Our clients agree to the use of their stories in this Birmingham employment law series but names are changed for anonymity.
Image courtesy of Sally Butcher, used under CC
Does employment law mean that interns should be paid whilst being trained?
In November 2016, the government refused to ban unpaid internships by blocking the National Minimum Wage (Workplace Internships) Bill. The refusal to pass the Bill was justified by the fact that paying interns would add financial pressure to firms.
Current employment law insists that interns be paid the national minimum wage if they fulfill the definition of a “worker”. That is, someone who performs work personally under a contract.
A contract requires that both sides make promises about the continuation of the working relationship.
Little case law exists on the matter, but in one a Ms Reilly was working for nothing in a big store, accused her employer of breaching her human rights with regard to slavery. The Supreme Court (House of Lords) found for her, saying that Parliament had not given authority to the Department of Work and Pensions to create these back-to-work schemes.
True interns are volunteers; that is they enter into an arrangement which
- Does not entitle them to financial reward.
- Does not require them to turn up to work.
- They should not produce work that an employee would be paid for.
We and some of our clients use interns. We give them detailed feedback on their work, which makes the relationship more about them learning a skill and less about our firm using free labour. We don’t impose any expectation of them turning in any work.
To conclude, opinions on the subject are diverse. While some people argue that unpaid internships are a form of modern day exploitation, others say that they provide a chance for an intern to see in depth how paid employees work, gaining experience and skills. Twenty-two Members of Parliament are currently advertising for unpaid internships, which shows reluctance to ban them, even in Parliament.
The debate concerning the bill is definitely not over, as it will be re-considered by Parliament in February 2017.
By Lily Wilde
Image used under CC courtesy of Paul InklesRead More
A much-talked-about type of sex discrimination is the fact that women earn about 20% less than men. We’ve written about a different wage gap recently but today we saw that Bloomberg has reported that there’s a wage gap for bisexuals, too.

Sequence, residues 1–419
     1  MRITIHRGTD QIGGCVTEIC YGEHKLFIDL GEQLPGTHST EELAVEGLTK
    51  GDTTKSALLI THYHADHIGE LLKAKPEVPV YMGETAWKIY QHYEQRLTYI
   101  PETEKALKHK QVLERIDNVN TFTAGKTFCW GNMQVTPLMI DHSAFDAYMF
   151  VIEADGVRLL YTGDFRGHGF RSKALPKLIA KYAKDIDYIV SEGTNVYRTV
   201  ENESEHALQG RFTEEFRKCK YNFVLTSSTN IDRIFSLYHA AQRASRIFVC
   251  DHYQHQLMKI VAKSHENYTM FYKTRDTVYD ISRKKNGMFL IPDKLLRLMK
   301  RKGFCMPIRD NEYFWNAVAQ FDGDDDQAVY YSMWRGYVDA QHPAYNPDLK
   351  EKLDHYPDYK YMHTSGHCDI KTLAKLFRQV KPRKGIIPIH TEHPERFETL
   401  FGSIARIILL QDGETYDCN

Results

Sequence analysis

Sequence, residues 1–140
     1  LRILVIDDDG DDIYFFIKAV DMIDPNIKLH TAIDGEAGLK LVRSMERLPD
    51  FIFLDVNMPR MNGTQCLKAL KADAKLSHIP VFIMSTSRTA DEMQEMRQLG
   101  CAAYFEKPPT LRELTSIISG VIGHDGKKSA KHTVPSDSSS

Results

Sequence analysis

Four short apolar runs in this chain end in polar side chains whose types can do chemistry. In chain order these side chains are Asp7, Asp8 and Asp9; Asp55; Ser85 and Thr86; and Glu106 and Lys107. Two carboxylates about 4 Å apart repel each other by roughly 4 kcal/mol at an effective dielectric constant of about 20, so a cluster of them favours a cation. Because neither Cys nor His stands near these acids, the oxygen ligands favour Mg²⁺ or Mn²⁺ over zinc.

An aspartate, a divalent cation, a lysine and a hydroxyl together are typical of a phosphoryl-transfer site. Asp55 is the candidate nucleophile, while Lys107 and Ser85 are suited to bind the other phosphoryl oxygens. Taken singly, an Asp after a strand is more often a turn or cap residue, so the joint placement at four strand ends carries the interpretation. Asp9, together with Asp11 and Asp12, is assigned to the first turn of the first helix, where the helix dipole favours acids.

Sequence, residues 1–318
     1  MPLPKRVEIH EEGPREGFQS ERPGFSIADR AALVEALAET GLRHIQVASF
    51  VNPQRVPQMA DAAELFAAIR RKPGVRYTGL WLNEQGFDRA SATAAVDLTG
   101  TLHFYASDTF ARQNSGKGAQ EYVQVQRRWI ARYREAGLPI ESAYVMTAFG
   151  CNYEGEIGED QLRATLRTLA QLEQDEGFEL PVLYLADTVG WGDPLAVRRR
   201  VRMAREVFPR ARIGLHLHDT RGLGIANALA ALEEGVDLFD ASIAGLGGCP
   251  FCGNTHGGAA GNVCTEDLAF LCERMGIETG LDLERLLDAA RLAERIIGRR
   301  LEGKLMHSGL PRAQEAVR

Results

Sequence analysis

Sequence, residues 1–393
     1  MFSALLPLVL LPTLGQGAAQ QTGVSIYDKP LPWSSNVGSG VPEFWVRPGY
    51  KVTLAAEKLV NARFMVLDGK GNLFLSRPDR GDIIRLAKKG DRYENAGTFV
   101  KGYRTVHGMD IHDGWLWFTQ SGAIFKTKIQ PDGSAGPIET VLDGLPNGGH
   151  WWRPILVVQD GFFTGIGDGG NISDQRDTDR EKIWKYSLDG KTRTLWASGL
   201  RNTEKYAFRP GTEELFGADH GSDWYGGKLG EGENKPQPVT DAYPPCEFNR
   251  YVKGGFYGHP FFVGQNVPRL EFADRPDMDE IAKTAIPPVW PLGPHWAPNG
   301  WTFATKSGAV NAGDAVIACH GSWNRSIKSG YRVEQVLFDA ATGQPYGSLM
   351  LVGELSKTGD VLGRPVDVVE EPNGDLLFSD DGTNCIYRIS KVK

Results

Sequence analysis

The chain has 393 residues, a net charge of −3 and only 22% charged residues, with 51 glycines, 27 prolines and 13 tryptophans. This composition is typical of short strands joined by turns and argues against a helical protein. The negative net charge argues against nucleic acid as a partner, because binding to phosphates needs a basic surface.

According to an American study bisexual women earn between 7% and 28% less than straight women, and the figures for bisexual men are 11% to 19% less than their straight colleagues.
The gender pay gap results from factors like working fewer hours and needing a more flexible schedule because of childcare. But these reasons don’t apply to bisexual workers any more than they do for the general population.
The author says that when you take into account the effects of motherhood, fatherhood and marriage the wage gap between lesbian and heterosexual women falls away.
But these factors are less prevalent among bisexuals, meaning that the findings are suggestive of discrimination.
The author says he found in other research that bisexuals are more likely to be perceived as immature, dishonest, and incompetent than straight and gay counterparts.
That means that bisexual stereotyping may be having an effect on bisexuals’ pay.
Bisexual stereotyping includes phrases like “greedy”, “indecisive”, “uncommitted”, “undeveloped”, which bisexuals find naturally irritating. Even many people who champion gay equality will express these views, meaning that bisexuals can fear coming out.
This is an interesting study and though we have been involved in several cases to do with sexuality discrimination we have never seen a case involving bisexuality. Bisexuals should remember that being taunted for being straight or for being gay is just as much sexuality discrimination as harassment on the basis of being bisexual.
We would love to be able to help a client with a sexual orientation discrimination client; they are interesting cases and bringing them can make a real difference to those involved.
By Jason Harbourne
Image licensed under CC, used courtesy of HTorbak HopperRead More
Birmingham’s employment solicitors are watching the case of a teaching assistant who was sacked for complaining about her pupils being shown footage of the 9/11 New York tower attacks.
She felt her 11-12 year olds shouldn’t be watching footage of the towers’ occupants falling to their deaths, which was shown as part of a class on poetry. She was dismissed an hour after raising the issue with her managers.
She has been offered £11,000 to settle her claims for whistleblowing-related unfair dismissal and discrimination but is holding out for an apology at a December 2016 hearing, if the matter doesn’t settle at a November mediation.
After dismissing her, the school allegedly completed an internal safeguarding form that raised concerns about her suitability for a role in teaching. The form also suggested that she had been motivated by her faith when raising the concerns.
For her part, the former employee insists that she was motivated only by concern for the children and to have suggested that her religion was relevant was discriminatory.
The school is one of those named in the so-called trojan horse scandal, which was about Muslim agendas in the management of Birmingham schools.
Hatton James Legal advised two teachers from other trojan horse schools, which treated them badly in 2013-2015. One was a disabled IT teacher who was left on the shelf and not permitted to return to work after an operation. The other was an English teacher treated similarly when she fell pregnant. We secured compensation payments for them substantially more than the £11,000 reportedly offered to the teaching assistant in this case.